My Dog

Last June I popped over to Barbados to see my son … like you do!!

He had an apartment in a home that belonged to someone who helped run a rescue home for dogs.

Consequently when I got there, there was Josie, a pitball-cross who followed my son around everywhere and lay on the mat in the sitting room when my son sat at his desk, which overlooked the atlantic ocean with the sounds of the sea lapping the shore just feet away. An idealic place!

Josie had some form of excema and I had brought some Neem products out for her. She didn’t appreciate being shampooed with the stuff and kept well away from me afterwards and promptly rolled in some nasty fox poo in retaliation! But the treatment worked. The neem products, not the fox poo!

Then in the yard at the side of the house penned in for their safety were 4 darling puppies that had been abandoned on the beach.

Upstairs in Laura’s apartment were 3 other dogs.

No this was not the rescue home itself, the actual home was full and Laura brought some dogs home with her.

In the evening Scarlet and Scar Face two elderly dogs would wander up from the beach and sleep on the veranda. They were characters and muched loved by the people there and even featured in the local hotel’s brochure.

I became an animal lover overnight! I hugged and cuddled Hannah, one of the puppies and looked pleadingly at my husband with big doe eyes: please?

Naturally it was impossible not because of the huge cost and quarantine but because Hannah was part pit-bull.

When we got back to the UK, I spoke to a friend of mine who has two rescue dogs about the feasibility of me owning a dog. With CFS/ME, I thought it would be ridiculous – how could I take it for a walk every day?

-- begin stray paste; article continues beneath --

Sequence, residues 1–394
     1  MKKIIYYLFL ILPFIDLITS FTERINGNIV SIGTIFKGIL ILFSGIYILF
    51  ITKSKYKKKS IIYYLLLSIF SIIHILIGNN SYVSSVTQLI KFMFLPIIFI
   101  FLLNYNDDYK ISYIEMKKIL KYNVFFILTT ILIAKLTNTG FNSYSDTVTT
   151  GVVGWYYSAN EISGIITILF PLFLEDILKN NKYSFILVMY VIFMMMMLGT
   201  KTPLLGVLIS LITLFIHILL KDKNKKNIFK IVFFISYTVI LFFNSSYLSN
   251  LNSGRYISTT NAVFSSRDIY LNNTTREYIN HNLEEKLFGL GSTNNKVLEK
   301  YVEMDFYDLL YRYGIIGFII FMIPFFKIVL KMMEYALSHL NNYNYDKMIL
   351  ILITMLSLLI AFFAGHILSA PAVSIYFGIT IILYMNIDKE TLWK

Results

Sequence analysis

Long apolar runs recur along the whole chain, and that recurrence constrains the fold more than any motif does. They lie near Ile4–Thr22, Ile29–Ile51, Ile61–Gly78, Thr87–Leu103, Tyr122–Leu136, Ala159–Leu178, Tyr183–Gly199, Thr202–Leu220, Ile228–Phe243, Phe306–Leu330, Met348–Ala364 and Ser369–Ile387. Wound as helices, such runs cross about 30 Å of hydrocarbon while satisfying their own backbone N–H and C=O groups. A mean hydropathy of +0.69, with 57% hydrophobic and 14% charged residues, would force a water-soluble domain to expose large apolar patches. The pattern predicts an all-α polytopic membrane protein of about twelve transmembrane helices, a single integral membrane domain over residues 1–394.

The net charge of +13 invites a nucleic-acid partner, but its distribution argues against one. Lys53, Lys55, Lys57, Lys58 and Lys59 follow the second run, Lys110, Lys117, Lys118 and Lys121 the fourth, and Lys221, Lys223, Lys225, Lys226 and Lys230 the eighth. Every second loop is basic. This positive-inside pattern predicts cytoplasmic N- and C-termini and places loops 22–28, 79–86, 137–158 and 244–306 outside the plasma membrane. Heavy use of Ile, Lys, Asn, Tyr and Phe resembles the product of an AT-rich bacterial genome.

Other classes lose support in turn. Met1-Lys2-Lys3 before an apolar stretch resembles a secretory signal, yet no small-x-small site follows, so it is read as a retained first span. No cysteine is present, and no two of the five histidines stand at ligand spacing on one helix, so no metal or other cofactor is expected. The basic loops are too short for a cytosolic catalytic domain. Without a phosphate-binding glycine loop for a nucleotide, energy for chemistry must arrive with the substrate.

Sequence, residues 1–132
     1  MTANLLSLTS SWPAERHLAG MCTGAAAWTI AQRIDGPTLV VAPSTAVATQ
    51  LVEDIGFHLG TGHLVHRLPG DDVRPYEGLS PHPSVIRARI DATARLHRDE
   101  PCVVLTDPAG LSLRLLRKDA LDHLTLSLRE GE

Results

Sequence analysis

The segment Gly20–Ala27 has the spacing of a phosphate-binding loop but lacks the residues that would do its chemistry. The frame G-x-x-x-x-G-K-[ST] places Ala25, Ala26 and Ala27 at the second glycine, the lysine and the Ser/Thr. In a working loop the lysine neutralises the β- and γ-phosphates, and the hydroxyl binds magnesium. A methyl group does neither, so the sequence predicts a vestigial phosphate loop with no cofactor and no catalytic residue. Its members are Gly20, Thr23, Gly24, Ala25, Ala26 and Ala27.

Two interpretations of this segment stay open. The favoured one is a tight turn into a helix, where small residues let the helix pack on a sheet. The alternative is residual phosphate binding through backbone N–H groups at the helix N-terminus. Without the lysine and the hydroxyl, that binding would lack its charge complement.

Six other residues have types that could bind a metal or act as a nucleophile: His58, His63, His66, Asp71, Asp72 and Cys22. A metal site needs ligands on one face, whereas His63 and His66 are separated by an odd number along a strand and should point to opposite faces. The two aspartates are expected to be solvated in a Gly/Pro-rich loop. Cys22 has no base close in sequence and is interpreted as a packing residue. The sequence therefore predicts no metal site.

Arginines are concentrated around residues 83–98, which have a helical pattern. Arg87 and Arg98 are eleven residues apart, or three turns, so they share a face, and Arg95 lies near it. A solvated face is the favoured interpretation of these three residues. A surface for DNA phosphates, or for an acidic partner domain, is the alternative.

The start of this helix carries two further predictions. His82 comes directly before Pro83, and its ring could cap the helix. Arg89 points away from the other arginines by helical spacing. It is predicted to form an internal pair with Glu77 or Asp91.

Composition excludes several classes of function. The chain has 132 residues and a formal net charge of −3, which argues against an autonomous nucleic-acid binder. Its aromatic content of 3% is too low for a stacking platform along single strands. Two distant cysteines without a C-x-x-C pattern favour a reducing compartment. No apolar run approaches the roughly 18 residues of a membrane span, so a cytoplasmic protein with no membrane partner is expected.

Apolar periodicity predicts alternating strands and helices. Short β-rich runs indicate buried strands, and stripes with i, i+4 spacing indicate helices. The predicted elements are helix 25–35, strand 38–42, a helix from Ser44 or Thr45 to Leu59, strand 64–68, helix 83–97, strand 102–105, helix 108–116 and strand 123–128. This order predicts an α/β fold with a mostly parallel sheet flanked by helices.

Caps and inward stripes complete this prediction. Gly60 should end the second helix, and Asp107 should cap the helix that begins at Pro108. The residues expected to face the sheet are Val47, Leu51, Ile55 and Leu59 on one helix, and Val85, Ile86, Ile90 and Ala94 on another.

I was totally amazed when she said: “The perfect dog for you would be a Lurcher, they are lazy and when you do take them for a walk you can let them off the lead and they go haring off! You can sit on a log and read a book!!”

So I looked at our local rescue dog home and lo and behold there was this Lurcher Cross and I was hooked.

I showed my husband who was also agreeable to me having a dog and agreeable to taking it for a walk if I couldn’t! Essential to have some support if not from family then from neighbours and friends.

I rang the home and ‘Ginger’ was still available and we went to visit her. The poor thing looked clean but bedraggled and so needed me! So did all the other dogs!!

We were interviewed and although I explained my illness they weren’t really that concerned and then they came to check our home was secure. They were more than happy.

We have renamed her Lady mainly because our local lovable town tramp was called Ginger and this little lady dog is just that, a Lady she is just missing her twinset and pearls.

It is true, she loves to sleep about 15 hours a day. She loves to run and run and run. She loves other dogs to play with and unbelievably she loves me.

We did take her for training but the training was more for me than her. She was picked up as a stray in Ireland and didn’t have any idea of ‘sit’ ‘down’ or ‘stay’. She is better now and will sort of sit and will sort of lie down. She understands ‘wait’ better than stay and is excellent at that.

She came with terrible sores which the vet couldn’t really cure but mange was ruled out. I have put her on a hypoallergenic diet of only chicken, lamb or turkey and I use targetes or tea-tree essential oils when I shower her or de-flea her. Her worming tablets are olive leaf capsules.